Books

The Borgia story isn’t all debauchery

Pope Alexander VI and his progeny

The Borgias: Power and Fortune
By Paul Strathern
Atlantic Books, 400pp, £25/$28.95

The dubious distinction of serving as the stereotypical exemplars of Renaissance ecclesial corruption is held by the Borgias, a family as infamous as any in Renaissance Italy for its embrace of that era’s mixture of neo-classical learning and aesthetics with the depths of debauchery. In fact, that is only one side of the Borgias’ story, one which has obscured the authentic service to the Church performed by other members of the family, and whose depravity has been exaggerated by legend.

Despite their association with Italian history and culture, the Borgias were of Spanish origin and claimed descent from an 11th-century king of Aragon. As is often the case, there is no proof to authenticate the claim: its plausibility rests on the family’s membership of a class within which descent from royalty (particularly through illegitimate lines) was not uncommon.

The man who brought the family to international prominence, Alonso de Borja, chose to forgo his bright secular future as his father’s only son and heir, choosing instead to enter the priesthood. Younger sons of the aristocracy frequently settled upon such a path in life merely to assure their status by rising through the ecclesial hierarchy. But for an only son to do so was the result of sincere religious devotion.

Throughout his life, Alonso de Borja lived up to his clerical obligations and was devoted to prayer and penance. His greatest accomplishment was contributing to the end of the Great Western Schism by taking part in discussions with the anti-pope “Clement VIII”, which persuaded the latter to submit to the authority of Pope Martin V.

High in papal favour, de Borja was appointed Bishop of Valencia, then elevated to cardinal by Martin’s successor, Eugenius IV, after successfully serving as an intermediary in a dispute between the Holy See and the king of Aragon. In 1455, de Borja was elected Pope Callixtus III.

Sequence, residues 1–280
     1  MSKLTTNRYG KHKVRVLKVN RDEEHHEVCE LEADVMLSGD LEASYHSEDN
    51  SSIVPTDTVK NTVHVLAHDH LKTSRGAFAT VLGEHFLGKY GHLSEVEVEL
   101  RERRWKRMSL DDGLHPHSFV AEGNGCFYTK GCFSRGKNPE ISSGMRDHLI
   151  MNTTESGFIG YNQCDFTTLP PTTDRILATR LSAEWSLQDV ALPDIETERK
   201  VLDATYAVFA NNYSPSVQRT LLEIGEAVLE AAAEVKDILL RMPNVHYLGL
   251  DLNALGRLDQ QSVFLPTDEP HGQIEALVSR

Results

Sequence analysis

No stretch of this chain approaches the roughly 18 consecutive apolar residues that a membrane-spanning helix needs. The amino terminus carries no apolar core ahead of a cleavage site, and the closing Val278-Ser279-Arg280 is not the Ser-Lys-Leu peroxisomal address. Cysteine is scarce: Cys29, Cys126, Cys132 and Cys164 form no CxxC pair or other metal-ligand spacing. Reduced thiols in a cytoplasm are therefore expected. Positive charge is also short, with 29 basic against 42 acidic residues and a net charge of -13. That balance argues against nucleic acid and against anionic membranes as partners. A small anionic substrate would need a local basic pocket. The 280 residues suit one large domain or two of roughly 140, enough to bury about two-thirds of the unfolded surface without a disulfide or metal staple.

Rome and the Papal States were, at the time, dominated by noble families who behaved more like highly cultured warlords than Christians, and whose rivalries could make that between the Montagues and Capulets look like a playground tiff.

For these families ecclesial nepotism was an important factor in tipping the scales of pre-eminence in favour of those who would likely be at the heights of power and influence anyway. Popes who had been born into noble Italian families or who, through years of ecclesial service, forged close links with them had a secure base of power from which they could effectively put their authority into practice.

Such was not the case with Callixtus. He lacked the necessary support and his election united what were normally rival Roman families against a pope of Spanish origin. And his plans for his papacy were as ambitious as his position was weak.

Governing the Church in accordance with its supernatural purpose and fighting clerical corruption were only part of the new papal programme. Two years before Callixtus’s election, Constantinople had been conquered by the Turks. As pope he attempted to organise a crusade for the liberation of the city, which had for centuries been the centre of Byzantine Christianity.

The city of Rome was also physically crumbling and permeated by chaos and violence. Callixtus not only intended to bring peace and order to the streets but was  among the first to envisage the massive rebuilding project which would later shape the city we know today. But the only way the pope had a chance of putting his agenda into practice was by concentrating power in the hands of loyal lieutenants – who could, of course, most easily be found within the ranks of his own family. It was a strategy that backfired spectacularly.

Chief among those upon whom Callixtus relied was his nephew Rodrigo, then a brilliant young canon lawyer and later notorious as Alexander VI. His extensive and grave misdeeds are too well known to need repetition. Separating myth from reality is more interesting.

For all that Alexander abused his ecclesial position for his own enrichment and aggrandisement, he at least never mounted a challenge to Catholic orthodoxy and was content to leave the devout in peace. His sexual immorality was appalling: strings of mistresses, even threatening one with damnation if she did not return to her sinning ways. But the legend of an incestuous pope who engaged in orgies on the scale of Nero’s Rome originated in rumour rather than evidence. And, on the positive side, he was devoted to continuing his uncle’s efforts to bring peace, order and stability to the Eternal City.

Unlike many books on the Borgias, which tend to fall into either prurient or indignant exaggeration, Strathern’s work is commendable for its commitment to strict historical accuracy.